During the excitement early in the year, the general expectation was that the Civil War would be over with in a hurry, though it’s not obvious why voluntary enlistments were for only a three month period. By the time the soldiers mastered the manual of arms and became familiar with military movements, the three month enlistment period was over. Spafford, like many of the men returned home when their enlistment was up, though William signed back on for three years in September of the year. While many of the men joined infantry troops, Spafford and others joined Battery A of the First Ohio Volunteer Light Artillery Regiment.
A Return to Service – Camp Chase
By the time Spafford returned to service in September, Battalion A had moved from Camp Taylor to at Camp Chase. Here were as many as 5000 troops parading and drilling outside Cincinnati. This was a more serious military installation with several hundred rebel prisoners. Not many of the artillery soldiers had guns. They’d have had to bring their own if they wanted to be armed past the large cannons they were learning to manage. Some anticipated that revolvers might be issued later, while others remained personally unarmed for the rest of the war.
[Figure 7: Troops]
As groups awaited supplies and provisioning, they continued drills and parades. They lived in tents of eight to ten men with very little baggage. Most had a single change of clothes and a couple pair of woolen socks, a couple of pair of drawers. Some men had what they called ‘reinforced’ pants while others wore wool — most wore the same boots they’d left Ohio with for the duration of the war — some had large overcoats with capes. Bedrolls consisted of one issue blanket wrapped in a sheet of oilcloth. Often that wasn’t sufficient to keep them dry in flooded tents where they slept on the ground. The boys used the same oilcloths as shields against rain. They saw plenty of rain from that Fall through the next Spring.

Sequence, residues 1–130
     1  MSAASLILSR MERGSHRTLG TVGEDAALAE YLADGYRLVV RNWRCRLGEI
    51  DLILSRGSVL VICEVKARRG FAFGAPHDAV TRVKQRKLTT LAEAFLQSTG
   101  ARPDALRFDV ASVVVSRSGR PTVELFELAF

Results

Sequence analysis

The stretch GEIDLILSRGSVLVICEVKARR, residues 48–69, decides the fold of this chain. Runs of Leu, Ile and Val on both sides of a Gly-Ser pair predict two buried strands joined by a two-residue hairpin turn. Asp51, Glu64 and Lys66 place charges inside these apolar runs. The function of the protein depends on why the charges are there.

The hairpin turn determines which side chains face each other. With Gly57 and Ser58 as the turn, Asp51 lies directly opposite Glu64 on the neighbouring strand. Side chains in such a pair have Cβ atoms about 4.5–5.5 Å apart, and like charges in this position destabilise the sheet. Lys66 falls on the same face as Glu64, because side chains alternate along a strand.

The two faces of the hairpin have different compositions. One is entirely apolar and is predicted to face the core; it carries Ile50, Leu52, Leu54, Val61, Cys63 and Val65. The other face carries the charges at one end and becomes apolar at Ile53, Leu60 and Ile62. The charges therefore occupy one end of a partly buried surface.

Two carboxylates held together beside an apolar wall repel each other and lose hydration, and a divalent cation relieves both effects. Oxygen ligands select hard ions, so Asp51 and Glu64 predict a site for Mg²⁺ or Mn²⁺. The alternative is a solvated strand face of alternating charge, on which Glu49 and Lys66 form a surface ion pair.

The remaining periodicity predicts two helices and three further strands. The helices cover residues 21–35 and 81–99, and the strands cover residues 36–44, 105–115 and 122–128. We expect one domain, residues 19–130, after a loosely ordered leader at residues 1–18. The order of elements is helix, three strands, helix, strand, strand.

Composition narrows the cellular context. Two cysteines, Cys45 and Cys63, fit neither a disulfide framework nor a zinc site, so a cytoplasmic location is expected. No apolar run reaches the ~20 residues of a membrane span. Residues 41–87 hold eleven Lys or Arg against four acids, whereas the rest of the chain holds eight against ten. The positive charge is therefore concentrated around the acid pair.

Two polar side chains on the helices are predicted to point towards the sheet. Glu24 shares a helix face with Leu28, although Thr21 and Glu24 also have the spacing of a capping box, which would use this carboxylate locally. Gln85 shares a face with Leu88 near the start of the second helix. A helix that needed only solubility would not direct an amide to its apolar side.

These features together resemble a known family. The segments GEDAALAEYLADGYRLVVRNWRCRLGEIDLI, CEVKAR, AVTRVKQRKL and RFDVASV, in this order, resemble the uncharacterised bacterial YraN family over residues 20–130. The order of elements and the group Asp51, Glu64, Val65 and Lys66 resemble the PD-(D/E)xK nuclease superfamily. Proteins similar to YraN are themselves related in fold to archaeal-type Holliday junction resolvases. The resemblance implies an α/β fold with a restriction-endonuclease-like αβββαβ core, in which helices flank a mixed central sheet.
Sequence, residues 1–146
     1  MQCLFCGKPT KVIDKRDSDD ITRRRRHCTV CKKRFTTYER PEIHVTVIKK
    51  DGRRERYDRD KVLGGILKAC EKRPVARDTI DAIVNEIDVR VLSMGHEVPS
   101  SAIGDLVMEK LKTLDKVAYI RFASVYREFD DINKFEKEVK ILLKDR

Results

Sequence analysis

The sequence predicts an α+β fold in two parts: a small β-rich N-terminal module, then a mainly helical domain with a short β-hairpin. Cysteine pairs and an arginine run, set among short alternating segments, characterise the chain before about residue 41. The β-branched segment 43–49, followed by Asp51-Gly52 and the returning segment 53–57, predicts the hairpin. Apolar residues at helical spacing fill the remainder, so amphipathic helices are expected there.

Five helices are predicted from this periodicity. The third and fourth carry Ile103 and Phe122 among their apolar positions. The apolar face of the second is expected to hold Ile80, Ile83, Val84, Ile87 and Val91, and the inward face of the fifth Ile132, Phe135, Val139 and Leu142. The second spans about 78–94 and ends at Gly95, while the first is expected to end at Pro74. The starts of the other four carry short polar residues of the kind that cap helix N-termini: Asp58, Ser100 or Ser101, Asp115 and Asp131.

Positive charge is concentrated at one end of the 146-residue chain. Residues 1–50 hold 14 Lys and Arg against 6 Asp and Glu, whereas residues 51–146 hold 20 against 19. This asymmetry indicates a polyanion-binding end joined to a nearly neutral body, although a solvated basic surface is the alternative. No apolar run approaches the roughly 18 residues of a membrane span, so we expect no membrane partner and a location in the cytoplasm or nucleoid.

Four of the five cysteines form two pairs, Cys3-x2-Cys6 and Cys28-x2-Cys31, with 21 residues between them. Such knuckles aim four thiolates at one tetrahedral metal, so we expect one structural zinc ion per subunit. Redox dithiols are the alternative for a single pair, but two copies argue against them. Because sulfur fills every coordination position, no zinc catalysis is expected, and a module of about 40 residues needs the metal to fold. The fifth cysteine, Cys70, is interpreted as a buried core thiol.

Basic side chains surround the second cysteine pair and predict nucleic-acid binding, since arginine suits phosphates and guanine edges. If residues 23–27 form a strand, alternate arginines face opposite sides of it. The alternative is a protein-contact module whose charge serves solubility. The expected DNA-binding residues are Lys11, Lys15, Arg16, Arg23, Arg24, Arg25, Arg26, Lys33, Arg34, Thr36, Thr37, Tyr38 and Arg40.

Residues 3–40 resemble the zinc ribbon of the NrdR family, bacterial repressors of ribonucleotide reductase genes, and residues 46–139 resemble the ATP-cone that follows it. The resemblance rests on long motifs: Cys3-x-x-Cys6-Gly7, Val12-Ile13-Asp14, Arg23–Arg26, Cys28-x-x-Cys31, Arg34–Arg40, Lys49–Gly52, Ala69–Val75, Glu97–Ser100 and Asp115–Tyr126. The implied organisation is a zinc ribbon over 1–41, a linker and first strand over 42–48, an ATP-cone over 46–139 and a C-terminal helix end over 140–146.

Camp Chase was so full that battalions often had difficulty finding turns on the limited fields set aside for drilling. Before long, the men found camp life no longer new; it had become monotonous and dull. By Spring, they wanted a change of climate and scene and were glad to hear that they’d soon be boarding a large mail boat for a cruise down to Louisville. Rattling wagons were off marching overnight from Columbus all the way to Cincinnati with its stony streets and docks on the Ohio River. They’d marched from five in the afternoon until two o’clock the next day without a meal and had good appetites for the bread and meat they were dished up upon arrival.
Off to Louisville
With a component of nearly eighty men and six officers — another sixty privates and two officers soon to be added, Battalion A got aboard the 300 foot long mail boat, “Major Anderson”. With them were plenty of supplies and provisions, though uniforms, ammunition, and rifles had yet to be acquired. They boarded 130 horses to the boat — more than they could count among themselves.
[Figure 8: Louisville Kentucky ca1855]
In letters home, the men described a joyful trip down this three-quarters of a mile wide river. Those who were armed had fun shooting ducks, geese, and even dogs as they went along. They thought Cleveland, the Ohio city closest to home, to be the prettiest of the spots they saw along the way, but were impressed on the way to Louisville with the vast cornfields from a hundred to fifteen hundred acres, and they enjoyed cheering the women waving handkerchiefs along riverbanks.
This was territory where folks were sometimes conflicted in their loyalties. Many owners had abandoned their homes. Some had gone south with rebels; others could be recruited to join the Union cause. Some soldiers slept on deck overnight and one went missing — whether having deserted or been drowned nobody was sure. Though getting late in the year, the weather was good with some nights chilly and some mornings foggy. Good weather held up in camp at Louisville as the men stayed drilling and waited for supplies and orders to move south.